The United States wasn’t built in a day. Over time it has taken many shapes and forms to tell the tale of our nation’s history. The houses, cabins, forts, missions, and businesses of the time help tell the story.
Native American tribes, slaves, and settlers didn’t have the technology that we have today. They used natural materials like stone, wood, and mud were used to build and insulate homes. The use of these resources enabled them to stay cool during hot summers and warm in cold winters. Simple in design and utilitarian in use, many of these structures are still standing today.
For example, in 1000 AD New Mexico, the Acoma Pueblo “Sky City” protected local communities from enemy attacks. Today it is the oldest inhabited area in the United States.
National Parks, community walkways, and snack stands encompass many of the forts (The Alamo) and log cabins (Jacob Wolfe House) of yesterday. Many of the original missions and churches built during pre and post-colonial America (Mission San Juan Capistrano) are still used as places of worship. While others are local historical landmarks that capture the early histories of towns and cities.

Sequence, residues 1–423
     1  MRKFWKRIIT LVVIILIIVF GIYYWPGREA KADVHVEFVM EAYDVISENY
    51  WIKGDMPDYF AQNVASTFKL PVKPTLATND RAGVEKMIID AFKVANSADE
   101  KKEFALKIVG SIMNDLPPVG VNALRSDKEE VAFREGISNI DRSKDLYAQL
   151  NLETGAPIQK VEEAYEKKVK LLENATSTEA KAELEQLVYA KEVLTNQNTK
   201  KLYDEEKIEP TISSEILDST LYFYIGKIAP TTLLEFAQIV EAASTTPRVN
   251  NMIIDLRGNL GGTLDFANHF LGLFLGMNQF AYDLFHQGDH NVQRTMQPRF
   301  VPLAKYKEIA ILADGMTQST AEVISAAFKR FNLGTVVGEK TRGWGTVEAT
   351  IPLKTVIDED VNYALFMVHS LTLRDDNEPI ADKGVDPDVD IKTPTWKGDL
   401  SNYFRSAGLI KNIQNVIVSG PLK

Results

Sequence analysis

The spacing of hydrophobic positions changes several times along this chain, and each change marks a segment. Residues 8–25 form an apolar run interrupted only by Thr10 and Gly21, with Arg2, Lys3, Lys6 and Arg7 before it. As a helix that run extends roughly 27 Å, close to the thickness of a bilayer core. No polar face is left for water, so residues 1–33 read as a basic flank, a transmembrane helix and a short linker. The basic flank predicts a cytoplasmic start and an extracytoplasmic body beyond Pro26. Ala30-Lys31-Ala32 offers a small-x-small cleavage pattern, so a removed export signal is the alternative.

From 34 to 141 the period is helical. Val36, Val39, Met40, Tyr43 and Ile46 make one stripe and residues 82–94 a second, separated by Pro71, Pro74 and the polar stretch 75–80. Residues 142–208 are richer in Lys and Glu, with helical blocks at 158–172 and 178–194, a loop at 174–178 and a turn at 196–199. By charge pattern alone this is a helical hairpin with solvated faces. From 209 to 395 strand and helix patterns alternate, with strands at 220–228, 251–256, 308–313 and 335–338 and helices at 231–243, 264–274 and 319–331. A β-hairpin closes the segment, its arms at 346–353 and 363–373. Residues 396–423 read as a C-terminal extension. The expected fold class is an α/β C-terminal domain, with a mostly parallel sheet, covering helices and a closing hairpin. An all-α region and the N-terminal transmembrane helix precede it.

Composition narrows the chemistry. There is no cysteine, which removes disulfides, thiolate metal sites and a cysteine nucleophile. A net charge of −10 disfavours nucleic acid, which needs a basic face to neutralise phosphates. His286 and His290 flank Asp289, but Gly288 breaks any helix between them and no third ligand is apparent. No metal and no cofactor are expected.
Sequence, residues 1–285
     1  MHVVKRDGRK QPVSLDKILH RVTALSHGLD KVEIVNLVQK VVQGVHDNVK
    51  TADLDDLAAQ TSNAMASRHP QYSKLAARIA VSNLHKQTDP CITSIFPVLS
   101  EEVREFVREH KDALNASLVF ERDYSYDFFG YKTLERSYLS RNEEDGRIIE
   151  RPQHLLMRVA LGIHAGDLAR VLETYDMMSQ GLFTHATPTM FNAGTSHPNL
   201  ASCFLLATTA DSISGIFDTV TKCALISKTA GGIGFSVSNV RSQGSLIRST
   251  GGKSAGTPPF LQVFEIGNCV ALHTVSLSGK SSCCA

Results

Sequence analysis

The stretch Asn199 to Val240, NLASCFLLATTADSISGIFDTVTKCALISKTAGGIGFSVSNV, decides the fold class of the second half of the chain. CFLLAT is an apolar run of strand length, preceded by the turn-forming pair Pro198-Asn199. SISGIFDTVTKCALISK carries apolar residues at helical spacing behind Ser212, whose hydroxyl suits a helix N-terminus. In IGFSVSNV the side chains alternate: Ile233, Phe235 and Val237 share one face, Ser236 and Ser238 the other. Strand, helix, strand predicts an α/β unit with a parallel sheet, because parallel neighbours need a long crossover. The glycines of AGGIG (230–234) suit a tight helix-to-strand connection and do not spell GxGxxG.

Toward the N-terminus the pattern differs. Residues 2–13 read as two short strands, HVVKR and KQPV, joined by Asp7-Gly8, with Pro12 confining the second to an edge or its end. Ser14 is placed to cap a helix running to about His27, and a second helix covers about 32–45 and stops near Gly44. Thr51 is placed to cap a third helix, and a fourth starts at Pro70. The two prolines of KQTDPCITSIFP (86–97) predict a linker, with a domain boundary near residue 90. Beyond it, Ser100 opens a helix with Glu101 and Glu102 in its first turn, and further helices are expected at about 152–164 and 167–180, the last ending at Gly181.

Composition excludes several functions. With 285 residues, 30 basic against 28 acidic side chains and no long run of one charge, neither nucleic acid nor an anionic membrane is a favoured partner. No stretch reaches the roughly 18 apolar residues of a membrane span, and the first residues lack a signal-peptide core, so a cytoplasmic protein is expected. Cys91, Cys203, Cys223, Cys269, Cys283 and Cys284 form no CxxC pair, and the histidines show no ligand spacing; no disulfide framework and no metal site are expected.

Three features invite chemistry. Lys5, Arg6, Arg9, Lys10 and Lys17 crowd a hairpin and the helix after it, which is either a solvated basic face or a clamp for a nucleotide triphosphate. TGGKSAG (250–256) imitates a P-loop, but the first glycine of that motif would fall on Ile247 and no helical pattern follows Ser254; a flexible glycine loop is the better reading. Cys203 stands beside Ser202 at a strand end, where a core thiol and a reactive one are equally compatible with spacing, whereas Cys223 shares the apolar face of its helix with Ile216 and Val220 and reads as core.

Those family road trips that you loved as a kid could return as a popular trend this year.
It’s predicted that 31 percent of Americans will hit the road this summer. While many are still uncertain due to coronavirus concerns, cheap gas prices and short waiting lines could be motivators.
Until then, virtual family trips may become as popular as Zoom parties.
Grab the kids and pack your bags. Our friends at BigRentz are taking you on a virtual road trip to explore the oldest buildings in America. Be sure to check out your home state to find out if your home state made the top 15 list!
The oldest buildings in America (in each state)
The 15 oldest buildings in America
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